The Issa Valley
Native Realm: A Search for Self-Definition paperback edition
Emperor of the Earth: Modes of Eccentric Vision
Bells in Winter
The Captive Mind
“Bin gar keine Russin, stamm’ aus Litauen, echt deutsch.” (I am not Russian at all; I come from Lithuania, a true German.) The twelfth line of The Waste Land, a fragment from the poet’s reading in a German memoir, raises more echoes than even T.S. Eliot was likely to be aware of, and certainly more than are grasped by most of his readers. The connection with the poem is minimal, but as in so many of its other lines randomness has achieved an air of inevitability, in its suggestion of unhappy and not-so-far-off things, unknown lives, and fates, the product of complex histories, the inspissated rivalries and relations of Lithuanians, Balts and Letts, Jews, Germans, and Russians.
With them no one could have a more natural familiarity than the poet and winner of the 1980 Nobel prize for literature, Czeslaw Milosz. He too stemmed from Lithuania. But not with any conviction of purity; and during a century when the now small but once enormous country has been successively Russian, German, Polish, Lithuanian, Russian, German, and now Soviet Russian again. Like most of the native sons of the town known in Polish as Wilno (German and Russian Wilna, Lithuanian Vilnius), Milosz is a Polish speaker, and it was in Polish that he began to write his poems. With a hint of irony he remarks that natives of his province are more inward, with the deeper intimacies of the Polish language, than are their metropolitan cousins at the center in Warsaw. The “Polish Pushkin,” Adam Mickiewicz, foremost of native poets, began to write under the inspiration of the land of Polish Lithuania.
But whereas a poet from Dublin or Edinburgh would advance in all seriousness the proposition that the English language at its liveliest and most sensitive was to be found in those towns (and a bookish native of New York, Chicago, or Los Angeles might do the same), Milosz is unquestionably amused by the complacency of his own claim that languages are richest at their cultural edges. Nationality is not a thing he can take seriously: it would be hard to imagine a greater writer more emancipated from even its most subtle pretensions.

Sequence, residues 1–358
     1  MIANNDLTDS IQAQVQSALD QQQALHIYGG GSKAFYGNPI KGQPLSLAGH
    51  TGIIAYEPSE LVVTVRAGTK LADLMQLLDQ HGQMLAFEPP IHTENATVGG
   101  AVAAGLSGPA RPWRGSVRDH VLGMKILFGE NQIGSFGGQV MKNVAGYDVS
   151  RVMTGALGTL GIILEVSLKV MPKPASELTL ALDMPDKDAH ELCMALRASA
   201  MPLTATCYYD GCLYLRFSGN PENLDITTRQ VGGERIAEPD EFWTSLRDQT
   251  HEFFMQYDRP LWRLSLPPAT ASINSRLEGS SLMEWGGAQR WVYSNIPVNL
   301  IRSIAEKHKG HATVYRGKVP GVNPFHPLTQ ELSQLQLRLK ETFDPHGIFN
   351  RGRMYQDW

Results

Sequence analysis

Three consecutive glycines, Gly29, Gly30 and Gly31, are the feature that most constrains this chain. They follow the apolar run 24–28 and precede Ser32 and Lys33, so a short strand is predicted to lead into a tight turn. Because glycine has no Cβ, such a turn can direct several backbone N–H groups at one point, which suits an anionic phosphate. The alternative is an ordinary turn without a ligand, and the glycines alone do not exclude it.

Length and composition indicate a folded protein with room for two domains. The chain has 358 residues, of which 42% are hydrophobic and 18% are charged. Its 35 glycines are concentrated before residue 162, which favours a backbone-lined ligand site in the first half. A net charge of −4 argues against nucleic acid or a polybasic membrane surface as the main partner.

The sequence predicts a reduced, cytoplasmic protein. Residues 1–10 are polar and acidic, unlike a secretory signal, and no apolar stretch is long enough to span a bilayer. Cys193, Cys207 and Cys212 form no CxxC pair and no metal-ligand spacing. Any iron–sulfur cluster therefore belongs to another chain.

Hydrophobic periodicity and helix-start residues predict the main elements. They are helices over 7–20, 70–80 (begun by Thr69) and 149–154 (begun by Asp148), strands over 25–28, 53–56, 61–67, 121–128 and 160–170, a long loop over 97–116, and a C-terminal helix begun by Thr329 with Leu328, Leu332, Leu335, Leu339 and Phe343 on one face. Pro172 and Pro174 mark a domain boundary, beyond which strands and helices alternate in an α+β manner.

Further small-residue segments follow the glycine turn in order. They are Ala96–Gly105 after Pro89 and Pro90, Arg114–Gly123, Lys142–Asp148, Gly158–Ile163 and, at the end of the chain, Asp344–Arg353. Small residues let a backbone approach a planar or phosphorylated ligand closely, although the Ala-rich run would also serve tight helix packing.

Nevertheless his genius flourishes and finds its subject in the many degrees of consciousness nationality implies; and to feast on such things and yet remain free of them is in itself a gift of genius. Language and nationality are haunts of the irrational. They are also the root of the well-grown ego, the base of that samodovolnost—self-satisfaction—which Tolstoy (whose forebears, before rising in the Tsar’s service, had themselves stemmed from Lithuania) perceived as the beginning of all lively and healthy human activity. Our natures grow and flourish by denaturing those who are not planted in the same bed. The snobberies of race and language are even more needful in us, more deeply intertwined in the unconscious, than the associated snobberies…
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